Many years later, I visited the Tabor Opera House in Leadville, Colorado, a restored and spectacular vaudeville theater. As I walked down the silent aisle between rows of plush seats, I thought about my great-grandparents and their story, which had never been told. Though the characters in The Life Fantastic are invented, and though it takes place in a different time and place, my great-grandparents’ adventure in the theater inspired me to write the novel.



The Life Fantastic, Question Three

Canary in a cageLiza, how did a dead canary inspire you to write this novel?

Vaudeville has fascinated me since I was a small child. That’s when my father told me the romantic story about my great-grandmother, Carrie Lebo. She stole away from home in the night to elope with a vaudeville musician, leaving her pet canary behind. The family found the bird dead in its cage the next morning and declared it a bad omen. 

William Patton, Carrie’s sweetheart, was a charming red-headed violinist. Carrie had a lovely voice and played the piano. The couple sang and played with a vaudeville troupe that moved from town to town, performing in small theatres. They had two children: a son; and my paternal grandmother, Thelma June. 

The couple’s elopement created a scandal in the small town of Shreve, Ohio, as did their divorce a few years later. Growing up, I often asked my grandmother about her parents. She told me that Carrie loved to sing, and that she was a skilled seamstress and music teacher. Although my grandmother had inherited her parents’ love of music (she also played piano), she refused to speak about her father, except to mention his red hair, and the fact that he seldom visited. Sadly, she was ashamed of her parents’ history.

For my grandfather George Ketchum, who started working when he was eleven, vaudeville was the only entertainment he could afford on his meager earnings. From the time I was four or five, Grandpa and I sang vaudeville songs together. He taught me silly, off-color tunes such as “Everybody works but Father, he sits around all day,” (here’s Groucho Marx singing it) and “There lay Brown, upside down, lapping up the whiskey off the floor.” Grandpa described what it was like to sit in the cheapest gallery seats, high above the stage, enjoying the shows with a rowdy audience.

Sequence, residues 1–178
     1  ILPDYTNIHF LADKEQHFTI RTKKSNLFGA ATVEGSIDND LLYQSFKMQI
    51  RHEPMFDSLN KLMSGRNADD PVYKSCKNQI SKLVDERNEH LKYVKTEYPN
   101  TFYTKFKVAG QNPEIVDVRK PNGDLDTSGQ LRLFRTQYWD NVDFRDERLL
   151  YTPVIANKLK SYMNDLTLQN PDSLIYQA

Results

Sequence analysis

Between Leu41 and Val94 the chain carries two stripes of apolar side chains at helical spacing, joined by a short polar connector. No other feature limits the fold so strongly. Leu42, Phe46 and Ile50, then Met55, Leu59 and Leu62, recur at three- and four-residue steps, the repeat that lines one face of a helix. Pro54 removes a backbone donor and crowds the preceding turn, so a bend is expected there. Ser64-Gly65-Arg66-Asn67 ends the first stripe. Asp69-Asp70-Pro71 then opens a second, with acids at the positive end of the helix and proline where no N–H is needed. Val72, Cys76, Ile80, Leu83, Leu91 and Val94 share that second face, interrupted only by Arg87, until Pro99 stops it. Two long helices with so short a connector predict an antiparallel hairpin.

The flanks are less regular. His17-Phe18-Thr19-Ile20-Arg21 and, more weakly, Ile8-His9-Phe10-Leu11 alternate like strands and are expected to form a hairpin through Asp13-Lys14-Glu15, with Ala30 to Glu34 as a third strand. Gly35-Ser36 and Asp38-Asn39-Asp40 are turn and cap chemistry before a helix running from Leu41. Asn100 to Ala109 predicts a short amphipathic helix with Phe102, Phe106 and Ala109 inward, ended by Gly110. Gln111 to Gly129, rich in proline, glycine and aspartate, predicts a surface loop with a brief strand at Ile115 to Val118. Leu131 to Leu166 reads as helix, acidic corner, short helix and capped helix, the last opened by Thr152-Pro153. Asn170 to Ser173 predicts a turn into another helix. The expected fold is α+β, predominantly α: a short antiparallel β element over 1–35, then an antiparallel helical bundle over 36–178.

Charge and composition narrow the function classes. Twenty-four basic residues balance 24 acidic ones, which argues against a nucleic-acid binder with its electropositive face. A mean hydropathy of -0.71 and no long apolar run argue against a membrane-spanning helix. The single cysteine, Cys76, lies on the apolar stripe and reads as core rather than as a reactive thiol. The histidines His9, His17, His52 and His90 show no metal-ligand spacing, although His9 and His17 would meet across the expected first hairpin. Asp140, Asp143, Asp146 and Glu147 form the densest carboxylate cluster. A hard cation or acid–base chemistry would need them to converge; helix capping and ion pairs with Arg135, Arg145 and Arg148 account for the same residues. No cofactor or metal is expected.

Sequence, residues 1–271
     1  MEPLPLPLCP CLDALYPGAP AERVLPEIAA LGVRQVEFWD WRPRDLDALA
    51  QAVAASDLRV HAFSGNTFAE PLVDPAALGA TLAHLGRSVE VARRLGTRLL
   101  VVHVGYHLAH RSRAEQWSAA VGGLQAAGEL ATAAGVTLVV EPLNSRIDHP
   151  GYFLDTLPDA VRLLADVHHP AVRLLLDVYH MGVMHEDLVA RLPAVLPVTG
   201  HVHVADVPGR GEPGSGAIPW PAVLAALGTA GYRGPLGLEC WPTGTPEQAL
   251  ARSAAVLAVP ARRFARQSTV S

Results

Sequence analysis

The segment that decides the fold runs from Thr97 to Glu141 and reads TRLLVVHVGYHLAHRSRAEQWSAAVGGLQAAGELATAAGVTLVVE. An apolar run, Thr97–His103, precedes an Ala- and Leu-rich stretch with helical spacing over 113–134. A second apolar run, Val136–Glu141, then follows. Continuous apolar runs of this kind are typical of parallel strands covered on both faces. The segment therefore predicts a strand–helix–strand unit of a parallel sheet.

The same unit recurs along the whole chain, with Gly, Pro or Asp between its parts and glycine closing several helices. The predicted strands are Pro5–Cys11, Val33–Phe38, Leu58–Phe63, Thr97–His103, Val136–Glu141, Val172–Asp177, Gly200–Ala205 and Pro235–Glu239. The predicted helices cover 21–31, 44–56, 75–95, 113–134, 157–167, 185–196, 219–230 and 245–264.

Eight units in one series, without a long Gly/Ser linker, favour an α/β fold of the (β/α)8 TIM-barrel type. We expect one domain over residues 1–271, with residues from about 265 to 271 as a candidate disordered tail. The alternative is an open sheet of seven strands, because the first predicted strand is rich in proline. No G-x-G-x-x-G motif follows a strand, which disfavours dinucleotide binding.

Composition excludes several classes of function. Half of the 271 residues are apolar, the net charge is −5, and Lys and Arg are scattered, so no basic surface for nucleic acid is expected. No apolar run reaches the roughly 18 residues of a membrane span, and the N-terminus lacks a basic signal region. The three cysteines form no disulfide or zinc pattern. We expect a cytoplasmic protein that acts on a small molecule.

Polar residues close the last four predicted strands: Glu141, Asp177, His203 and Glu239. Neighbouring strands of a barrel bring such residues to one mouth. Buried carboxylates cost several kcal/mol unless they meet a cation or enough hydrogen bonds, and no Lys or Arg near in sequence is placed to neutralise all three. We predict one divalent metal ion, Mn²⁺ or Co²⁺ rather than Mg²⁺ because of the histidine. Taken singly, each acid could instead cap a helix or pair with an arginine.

From the National Trust for Historical Preservation, credit: Huw Webber

Thanks to my grandparents’ stories, I wondered: what was life like for vaudeville performers of all ages and backgrounds? One summer, while driving across the country, I stopped in the town of Leadville, high in Colorado’s Rocky Mountains, and visited the Tabor Opera House, which has been restored to its former grandeur. As my footsteps echoed in the quiet aisles, I looked up at the empty stage, with its beautiful forest backdrop, and tried to imagine the theatre packed with miners and other residents who were grateful for entertainment in their remote mining town. Since my grandmother couldn’t—or wouldn’t—tell her parents’ story, I decided to invent one myself.



The Life Fantastic, Question Two

Liza, why are you so interested in theater?

Ever since I was young, I have loved theater, music, and dance. The arts were an essential part of our family life, growing up. Music was always playing on our living room turntable, and our parents sang in the car with us on long drives. When our Nashville cousins came for summer visits, with their guitars, ukuleles, and their wonderful collection of songs, we sang for hours. 

My brother and I made up stories about our stuffed animals when we were young, and my friends and I invented characters and put on small plays. With the Ransom family—six boys whose mother loved theater—we put on plays (such as “Winnie-the-Pooh”) and played charades late into the night. I also liked dance, as this picture shows. I have no memory of the story behind it, but I recognize the dance studio in Vermont, where I spent childhood summers. I must have been about seven.